RULES OF THE ROAD By following this simple rule, you can help save lives, avoid receiving a traffic ticket and prevent the potential loss of your driver’s license. Iowa law requires motorists to: Yield the right of way to an emergency vehicle displaying flashing lights or giving an audible signal by moving over to the right, stopping and waiting until the vehicle has passed before proceeding. (Iowa Code section 321.324) Please LIKE and SHARE this post to help us save lives.

The Clinton County Sheriff's Office would like to congratulate two of our own! Correctional Officers Tricia Edwards and Hailey Hall received the Advanced Correctional Healthcare Inc. Lifesaving Award for their role in performing an exceptional act during an emergency. As a result of their actions during this emergency, a human life was saved! Congratulations!!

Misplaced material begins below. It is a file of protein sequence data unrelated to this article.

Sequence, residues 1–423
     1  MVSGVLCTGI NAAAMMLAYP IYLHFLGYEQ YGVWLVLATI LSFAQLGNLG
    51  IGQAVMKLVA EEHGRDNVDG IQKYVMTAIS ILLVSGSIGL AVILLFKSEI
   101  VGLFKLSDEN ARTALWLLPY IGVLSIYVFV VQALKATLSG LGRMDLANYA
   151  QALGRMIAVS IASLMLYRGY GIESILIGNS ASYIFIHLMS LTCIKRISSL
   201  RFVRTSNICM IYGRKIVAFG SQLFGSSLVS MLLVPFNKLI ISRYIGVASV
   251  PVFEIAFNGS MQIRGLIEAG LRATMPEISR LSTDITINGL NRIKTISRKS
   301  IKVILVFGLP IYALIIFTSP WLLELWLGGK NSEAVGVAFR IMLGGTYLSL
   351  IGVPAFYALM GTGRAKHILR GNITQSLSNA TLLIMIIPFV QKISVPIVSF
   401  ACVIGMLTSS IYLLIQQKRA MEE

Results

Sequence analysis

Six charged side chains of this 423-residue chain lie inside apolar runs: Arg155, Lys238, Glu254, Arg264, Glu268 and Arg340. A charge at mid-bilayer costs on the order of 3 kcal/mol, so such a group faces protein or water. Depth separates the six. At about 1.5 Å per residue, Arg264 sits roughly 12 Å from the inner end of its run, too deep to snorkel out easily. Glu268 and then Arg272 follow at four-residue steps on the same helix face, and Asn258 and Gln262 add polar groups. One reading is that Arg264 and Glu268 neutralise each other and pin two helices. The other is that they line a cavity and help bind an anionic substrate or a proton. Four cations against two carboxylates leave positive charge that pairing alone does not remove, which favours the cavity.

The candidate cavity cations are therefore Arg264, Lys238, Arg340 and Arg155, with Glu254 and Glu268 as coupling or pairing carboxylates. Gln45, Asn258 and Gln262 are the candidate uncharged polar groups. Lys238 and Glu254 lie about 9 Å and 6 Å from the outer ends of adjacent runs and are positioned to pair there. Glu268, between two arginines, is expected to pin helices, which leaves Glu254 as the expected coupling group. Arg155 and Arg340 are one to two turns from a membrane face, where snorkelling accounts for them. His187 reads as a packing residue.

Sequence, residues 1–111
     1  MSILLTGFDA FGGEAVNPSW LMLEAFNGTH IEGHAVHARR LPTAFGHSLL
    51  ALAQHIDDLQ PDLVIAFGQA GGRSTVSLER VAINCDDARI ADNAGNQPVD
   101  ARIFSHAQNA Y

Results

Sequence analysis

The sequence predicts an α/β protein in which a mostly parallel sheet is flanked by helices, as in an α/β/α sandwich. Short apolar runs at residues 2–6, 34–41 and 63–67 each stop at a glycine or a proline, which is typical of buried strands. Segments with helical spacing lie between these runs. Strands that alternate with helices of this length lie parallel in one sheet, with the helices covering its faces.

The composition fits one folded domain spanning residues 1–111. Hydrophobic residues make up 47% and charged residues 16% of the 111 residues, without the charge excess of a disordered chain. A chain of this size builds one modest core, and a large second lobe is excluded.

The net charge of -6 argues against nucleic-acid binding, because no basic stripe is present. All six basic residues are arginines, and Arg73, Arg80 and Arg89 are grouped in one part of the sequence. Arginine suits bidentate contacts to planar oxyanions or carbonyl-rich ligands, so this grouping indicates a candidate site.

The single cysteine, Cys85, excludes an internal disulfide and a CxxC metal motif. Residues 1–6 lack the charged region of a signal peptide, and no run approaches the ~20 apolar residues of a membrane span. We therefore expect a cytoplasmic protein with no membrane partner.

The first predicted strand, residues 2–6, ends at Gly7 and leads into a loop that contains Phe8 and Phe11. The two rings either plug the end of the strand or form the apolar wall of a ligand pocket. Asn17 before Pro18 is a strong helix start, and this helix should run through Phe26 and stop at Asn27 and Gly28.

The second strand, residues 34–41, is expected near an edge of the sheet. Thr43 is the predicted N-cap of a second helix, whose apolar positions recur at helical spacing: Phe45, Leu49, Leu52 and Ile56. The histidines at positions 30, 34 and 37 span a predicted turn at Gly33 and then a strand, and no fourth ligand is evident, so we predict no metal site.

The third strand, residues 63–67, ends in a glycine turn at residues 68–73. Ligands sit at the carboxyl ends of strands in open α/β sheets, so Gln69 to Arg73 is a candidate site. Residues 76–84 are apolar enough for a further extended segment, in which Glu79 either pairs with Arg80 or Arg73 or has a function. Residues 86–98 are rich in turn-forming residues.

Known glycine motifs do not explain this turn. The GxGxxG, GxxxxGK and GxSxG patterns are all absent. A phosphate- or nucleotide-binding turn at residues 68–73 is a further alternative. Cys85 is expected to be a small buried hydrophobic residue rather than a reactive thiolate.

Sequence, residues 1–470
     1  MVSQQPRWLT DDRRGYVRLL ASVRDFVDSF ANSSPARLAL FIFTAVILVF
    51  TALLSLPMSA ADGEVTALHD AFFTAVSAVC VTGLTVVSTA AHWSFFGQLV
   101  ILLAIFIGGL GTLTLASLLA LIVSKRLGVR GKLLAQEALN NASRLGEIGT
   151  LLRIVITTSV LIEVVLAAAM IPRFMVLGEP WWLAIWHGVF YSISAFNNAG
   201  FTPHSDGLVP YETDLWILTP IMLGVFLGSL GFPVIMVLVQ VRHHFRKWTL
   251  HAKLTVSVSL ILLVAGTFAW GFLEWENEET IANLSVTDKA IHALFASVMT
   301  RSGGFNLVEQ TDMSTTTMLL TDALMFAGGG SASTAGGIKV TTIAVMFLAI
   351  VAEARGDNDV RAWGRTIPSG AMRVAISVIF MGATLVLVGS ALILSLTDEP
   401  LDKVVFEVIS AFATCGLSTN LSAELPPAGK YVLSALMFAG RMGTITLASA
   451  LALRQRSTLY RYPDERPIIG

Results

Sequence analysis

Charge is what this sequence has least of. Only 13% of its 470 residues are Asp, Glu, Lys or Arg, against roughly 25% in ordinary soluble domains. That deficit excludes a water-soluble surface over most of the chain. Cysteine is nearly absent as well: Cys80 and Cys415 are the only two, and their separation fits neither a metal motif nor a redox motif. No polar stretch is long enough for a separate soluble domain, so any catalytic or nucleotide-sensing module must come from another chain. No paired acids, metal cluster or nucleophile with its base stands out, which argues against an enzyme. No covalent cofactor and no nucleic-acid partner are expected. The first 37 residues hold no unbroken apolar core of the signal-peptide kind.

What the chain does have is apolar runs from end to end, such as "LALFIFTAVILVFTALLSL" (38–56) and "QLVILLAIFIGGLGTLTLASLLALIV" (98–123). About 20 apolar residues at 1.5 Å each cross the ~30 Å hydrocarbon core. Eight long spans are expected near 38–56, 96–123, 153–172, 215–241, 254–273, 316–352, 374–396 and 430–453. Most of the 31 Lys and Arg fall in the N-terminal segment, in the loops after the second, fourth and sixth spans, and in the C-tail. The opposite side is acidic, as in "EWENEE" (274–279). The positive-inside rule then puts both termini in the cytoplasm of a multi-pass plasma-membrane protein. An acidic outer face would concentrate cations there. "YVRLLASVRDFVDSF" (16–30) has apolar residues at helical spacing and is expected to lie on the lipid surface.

Recently, there have been multiple reports of counterfeit money in the area. Money has multiple unique characteristics to help you identify legitimate money, including watermarks and a security thread, among others. Please do not rely solely on counterfeit markers to identify counterfeit bills, as bills may have been washed and re-printed as a larger denomination and counterfeit markers may falsely identify newer bills as counterfeit. Please use this guide from the Secret Service to assist you in identifying legitimate money. Please keep in mind, older currency may vary slightly in appearance from current bill series. If you believe you have received a counterfeit bill, please contact the Sheriff’s Office at (563) 242-9211 to make a report.